Isn't the only way to implement a bandwidth limit to delay or drop packets during specific periods?


The only _sensible_ thing you can do if the transmitter won't stop is to ignore them, and thus drop packets, yes.

Queueing them up instead makes some artificial benchmark numbers look good but is a horrible end user experience, so you should never do this, but lots of crap home WiFi type gear does.

So, as I said, bandwidth limits and delay are different. The canonical "station wagon full of tapes" is illustrative, it has _tremendous_ bandwidth but _enormous_ delays. In contrast a mid-century POTS telephone call from London to Glasgow has almost no delay (barely worse than the speed of light) but bandwidth is tightly constrained.


I would far rather my udp packet is delayed by a millisecond than dropped.

I have an RTP stream running from India to Europe at the moment, 3000 packets per millisecond, so 0.33ms between pacekts. Typical maximum interpacket delay is under 1.5ms, looking at the last 400,000 seconds of logs, 200k are 1-2ms, 170k are 0-1ms, and about 4-5k on the 2-3ms gap, 3-4ms gape, etc. Less than 1% does interpacket delay increase past 10ms.


Then you should have forward/backward error correction in RTP so you can completely ignore the packet drop/delay.


Standard SMPTE FEC doesn't allow more than 20 columns of error correction, at 30mbit that's about 7ms of drop, at best of times (assuming the required FEC packets aren't lost as well). At low bitrates it works better, and the majority of our international vision circuits rely on single streams with FEC. Had one ISP in the Ukraine that had an intermittent fault where, regardless of the bitrate, they would occasionally drop 170ms of traffic.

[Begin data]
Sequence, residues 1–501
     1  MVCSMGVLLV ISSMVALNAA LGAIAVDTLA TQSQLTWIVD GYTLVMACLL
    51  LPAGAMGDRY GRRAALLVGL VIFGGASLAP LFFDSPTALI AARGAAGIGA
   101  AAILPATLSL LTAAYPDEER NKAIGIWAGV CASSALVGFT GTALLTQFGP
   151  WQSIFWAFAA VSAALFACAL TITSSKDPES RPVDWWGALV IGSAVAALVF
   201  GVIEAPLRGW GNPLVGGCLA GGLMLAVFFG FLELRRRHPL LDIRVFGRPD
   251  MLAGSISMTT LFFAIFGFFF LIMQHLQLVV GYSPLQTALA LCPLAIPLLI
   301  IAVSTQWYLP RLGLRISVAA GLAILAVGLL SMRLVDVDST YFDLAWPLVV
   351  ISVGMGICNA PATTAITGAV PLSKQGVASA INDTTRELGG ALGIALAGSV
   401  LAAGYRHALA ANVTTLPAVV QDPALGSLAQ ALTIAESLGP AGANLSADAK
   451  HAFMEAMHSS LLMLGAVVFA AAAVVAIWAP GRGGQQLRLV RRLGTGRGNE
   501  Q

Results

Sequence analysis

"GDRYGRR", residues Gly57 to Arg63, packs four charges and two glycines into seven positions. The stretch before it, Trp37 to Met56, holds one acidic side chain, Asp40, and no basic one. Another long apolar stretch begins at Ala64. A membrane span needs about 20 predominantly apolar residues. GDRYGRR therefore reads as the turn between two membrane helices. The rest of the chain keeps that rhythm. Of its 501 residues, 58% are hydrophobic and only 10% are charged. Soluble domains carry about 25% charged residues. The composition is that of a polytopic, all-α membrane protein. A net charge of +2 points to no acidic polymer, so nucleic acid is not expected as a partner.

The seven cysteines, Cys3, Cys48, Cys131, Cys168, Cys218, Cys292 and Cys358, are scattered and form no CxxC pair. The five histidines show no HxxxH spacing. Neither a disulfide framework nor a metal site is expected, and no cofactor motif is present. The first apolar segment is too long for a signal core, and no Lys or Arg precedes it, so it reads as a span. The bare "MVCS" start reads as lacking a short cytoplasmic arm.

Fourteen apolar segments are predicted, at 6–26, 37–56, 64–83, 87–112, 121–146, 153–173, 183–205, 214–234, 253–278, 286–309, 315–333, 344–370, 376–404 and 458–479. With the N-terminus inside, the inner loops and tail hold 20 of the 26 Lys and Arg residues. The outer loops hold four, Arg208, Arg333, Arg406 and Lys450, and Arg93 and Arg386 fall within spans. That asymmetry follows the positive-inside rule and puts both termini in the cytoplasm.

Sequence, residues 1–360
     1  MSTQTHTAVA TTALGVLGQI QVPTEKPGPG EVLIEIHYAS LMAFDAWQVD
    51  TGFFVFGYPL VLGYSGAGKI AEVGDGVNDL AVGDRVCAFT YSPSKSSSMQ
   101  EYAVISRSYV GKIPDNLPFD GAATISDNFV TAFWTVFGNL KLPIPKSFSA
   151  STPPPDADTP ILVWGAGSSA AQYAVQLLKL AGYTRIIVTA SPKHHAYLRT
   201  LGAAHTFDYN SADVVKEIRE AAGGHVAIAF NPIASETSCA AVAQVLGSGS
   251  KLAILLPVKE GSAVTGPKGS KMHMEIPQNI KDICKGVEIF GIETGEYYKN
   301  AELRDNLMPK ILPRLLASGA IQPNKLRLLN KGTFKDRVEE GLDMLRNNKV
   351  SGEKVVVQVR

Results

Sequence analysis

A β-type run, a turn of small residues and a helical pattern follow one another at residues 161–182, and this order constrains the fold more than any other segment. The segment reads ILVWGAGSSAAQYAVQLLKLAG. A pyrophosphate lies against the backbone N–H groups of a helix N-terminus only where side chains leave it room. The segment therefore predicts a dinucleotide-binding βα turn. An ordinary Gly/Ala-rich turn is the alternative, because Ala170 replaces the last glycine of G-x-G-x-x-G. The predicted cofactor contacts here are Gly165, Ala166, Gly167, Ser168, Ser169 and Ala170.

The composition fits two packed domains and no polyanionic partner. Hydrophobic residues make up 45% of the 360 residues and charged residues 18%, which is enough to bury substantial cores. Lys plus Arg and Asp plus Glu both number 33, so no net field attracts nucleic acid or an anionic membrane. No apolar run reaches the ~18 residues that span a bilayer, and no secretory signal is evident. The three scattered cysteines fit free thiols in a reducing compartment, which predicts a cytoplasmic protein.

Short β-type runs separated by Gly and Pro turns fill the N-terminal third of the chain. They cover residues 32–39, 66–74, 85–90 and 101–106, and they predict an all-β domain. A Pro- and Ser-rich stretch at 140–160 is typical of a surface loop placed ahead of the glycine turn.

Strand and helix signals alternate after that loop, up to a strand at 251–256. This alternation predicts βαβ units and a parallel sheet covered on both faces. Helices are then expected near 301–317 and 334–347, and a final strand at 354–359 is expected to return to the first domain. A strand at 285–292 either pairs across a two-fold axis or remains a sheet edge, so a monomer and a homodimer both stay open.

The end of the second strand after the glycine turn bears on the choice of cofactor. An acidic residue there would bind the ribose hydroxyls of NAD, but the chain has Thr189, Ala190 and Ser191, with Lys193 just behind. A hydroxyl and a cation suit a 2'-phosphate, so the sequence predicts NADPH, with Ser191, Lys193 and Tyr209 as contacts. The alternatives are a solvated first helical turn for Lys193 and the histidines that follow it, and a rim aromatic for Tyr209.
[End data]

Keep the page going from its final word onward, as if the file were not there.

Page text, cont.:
I currently have a difficult provision that for a variety of reasons I can't use ARQ on. To keep the service working I have 4 streams going, over two routes, with timeshifting on the streams to cope with route-change outages that tend to sit in the 20ms range. FEC is meaningless at these bitrates.

RTP is fine for delay and re-orders, but it doesn't cope with drops. I was at a manufacturer's earlier this week and said that I've experienced dual streaming skew of over 250ms (we had one circuit presumably reroute via the US), and I laugh at their 150ms buffer. Dual streaming can still fail when you have both streams runnning on the same submarine cable though. Trust me, intercontinental low latency interoprable broadcast IP on a budget isn't trivial


If you are running over UDP, that is so that packets get dropped while preserving the overall "stream". That is actually the purpose for the design of RTP over UDP.


RTP runs over UDP


That's exactly my point.


You realise that streams can't cope if packets are lost -- how badly they are affected depends on how many packets are lost and which packets they are, in some cases a single lost packet can cause actual on-air glitches